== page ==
After a short climb out of Fletcher Bay we descend to the first bay which is deserted except for a family of ducks and some quite rare dotterels….oh and a lone snorkler probably diving for octopus or green lipped mussels.
Then a slow and steady climb opens up the coastal view as we pass through agricultural land that has some very fat and healthy looking cows at pasture. Skylarks flutter around us making their distinctive music. Over a second stile and we enter the wooded walk and some very welcome shade. We are up high now and there are tantalising glimpses of the sea crashing against the cliffs below and then we have a precipitous descent into Poley Bay that is fed by a river that has cut a gorge into the mountain behind. We are mindful that we will have to make that climb on the way back and that there is probably a similar climb out of the bay to our destination ‘The Lookout’. So a banana top up is called for and a brief rest in this lovely spot. Another lone diver works their way along the rocks that fringe the coast.
We must be getting fitter because the climb out is steep but not too arduous. Excuses can be made for frequent stops as the views start to unfold again. It is also very hot now, and Marilyn improvises a version of the Foreign Legion’s headgear using the snood/hood/headband that she carries in her pack. It’s an intrepid if eccentric look, but very effective.
Here I am reminded of hillside walks I have done in Greece except the olives are replaced by all sorts of sub-tropical species. The occasional Pohutukawa that is still in a scarlet bloom makes us aware that these hillsides must be even more spectacular around December when the colour would clothe the hillside. The cicadas make constant music around us and Tui birds call to each other across the valleys with their resonant croaks and gurgles as they end a call. Sometimes it is a noise like a rusty gate opening and closing. We also hear the ever present Mynahs making with their repertoire of calls and crackles. A fantail does a lovely dance in a tree before us. All this makes the climb very pleasant and before we know it we have reached ‘Lookout’ and I video the 360 degree panorama and photograph a beach that could be a deserted Myrtiotissa ( a beautiful beach in Corfu that I frequented in my youth). What better location for a spot of grub before making the return journey. Even the steep ascent from Poley Bay cannot faze us and we are back to enjoy the evening by the beach at our little tent.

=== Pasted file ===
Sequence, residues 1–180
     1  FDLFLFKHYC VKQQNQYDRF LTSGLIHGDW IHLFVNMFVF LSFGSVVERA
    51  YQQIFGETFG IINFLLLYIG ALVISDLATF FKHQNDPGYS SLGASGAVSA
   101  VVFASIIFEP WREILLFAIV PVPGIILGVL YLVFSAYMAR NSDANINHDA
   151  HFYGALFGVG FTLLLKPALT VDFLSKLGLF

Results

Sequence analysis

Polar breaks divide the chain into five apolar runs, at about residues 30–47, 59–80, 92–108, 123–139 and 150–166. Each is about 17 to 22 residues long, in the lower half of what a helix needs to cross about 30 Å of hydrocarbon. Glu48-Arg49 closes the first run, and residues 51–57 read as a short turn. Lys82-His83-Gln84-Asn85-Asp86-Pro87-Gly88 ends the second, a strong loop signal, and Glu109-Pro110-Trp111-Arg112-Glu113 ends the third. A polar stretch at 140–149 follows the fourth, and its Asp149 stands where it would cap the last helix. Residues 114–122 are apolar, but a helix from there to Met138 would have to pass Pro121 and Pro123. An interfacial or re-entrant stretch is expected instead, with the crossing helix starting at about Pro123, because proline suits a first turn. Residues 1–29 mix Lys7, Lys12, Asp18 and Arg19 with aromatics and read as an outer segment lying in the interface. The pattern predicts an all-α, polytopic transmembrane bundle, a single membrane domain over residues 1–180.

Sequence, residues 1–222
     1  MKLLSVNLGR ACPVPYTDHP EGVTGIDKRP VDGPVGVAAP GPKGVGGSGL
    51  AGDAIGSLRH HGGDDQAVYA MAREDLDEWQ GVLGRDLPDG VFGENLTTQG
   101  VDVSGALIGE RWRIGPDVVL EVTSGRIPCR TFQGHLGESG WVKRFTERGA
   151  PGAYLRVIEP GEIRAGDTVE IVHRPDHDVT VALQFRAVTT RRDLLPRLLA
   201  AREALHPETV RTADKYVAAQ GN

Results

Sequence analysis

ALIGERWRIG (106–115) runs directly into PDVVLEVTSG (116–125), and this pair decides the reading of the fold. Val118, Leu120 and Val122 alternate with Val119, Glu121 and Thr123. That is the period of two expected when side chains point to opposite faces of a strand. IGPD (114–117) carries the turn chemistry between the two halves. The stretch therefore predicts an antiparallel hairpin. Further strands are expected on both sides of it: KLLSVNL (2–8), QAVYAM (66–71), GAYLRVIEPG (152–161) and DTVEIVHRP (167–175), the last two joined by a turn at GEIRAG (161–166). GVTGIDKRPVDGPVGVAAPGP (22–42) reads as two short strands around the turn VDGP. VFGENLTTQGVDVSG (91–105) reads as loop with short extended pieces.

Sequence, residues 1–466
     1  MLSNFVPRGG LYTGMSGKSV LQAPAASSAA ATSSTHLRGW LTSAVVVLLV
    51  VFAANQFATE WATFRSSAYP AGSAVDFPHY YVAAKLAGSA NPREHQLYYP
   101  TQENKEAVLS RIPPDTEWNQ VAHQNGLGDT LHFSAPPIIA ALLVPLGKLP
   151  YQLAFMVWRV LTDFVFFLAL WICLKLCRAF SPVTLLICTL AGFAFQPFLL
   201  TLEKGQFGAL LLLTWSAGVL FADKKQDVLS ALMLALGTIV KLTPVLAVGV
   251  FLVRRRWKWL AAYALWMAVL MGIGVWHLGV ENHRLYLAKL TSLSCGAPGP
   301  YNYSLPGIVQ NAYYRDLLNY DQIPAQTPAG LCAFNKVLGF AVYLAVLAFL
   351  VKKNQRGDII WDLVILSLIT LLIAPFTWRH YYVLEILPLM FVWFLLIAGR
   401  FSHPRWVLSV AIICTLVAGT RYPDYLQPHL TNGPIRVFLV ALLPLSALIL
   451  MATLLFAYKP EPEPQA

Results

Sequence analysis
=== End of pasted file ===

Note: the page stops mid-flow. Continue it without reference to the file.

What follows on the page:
Another sign of progress occurs when a helicopter lands in a pitch just behind us. A couple of the guys who are here to ‘escape’ Auckland and do a little fishing, own this thing and one of their mates has just flown in from Auckland ( 20 minutes) to collect the fish. Apparently the helicopter is often used to do reef fishing. They actually land it on isolated rocks and reefs that are inaccessible by boat. Of course the fact that most of us have driven for hours along a dusty gravel road to get here because it is isolated completely bypasses the thinking of these two guys who are busy hatching a plot to fill the two pods that the helicopter can carry with sellable goods that the isolated campers might need or want! Mercifully the helicopter is soon departed and the small crowd that gathered maybe expecting an accident or perhaps just caught up in the slightly anachronistic episode disperse back to their tent sites and peace descends again.
And as the stars come out – there again is upside down Orian to guard us in our little tent and we are lulled asleep by the sussurration of the waves just metres away.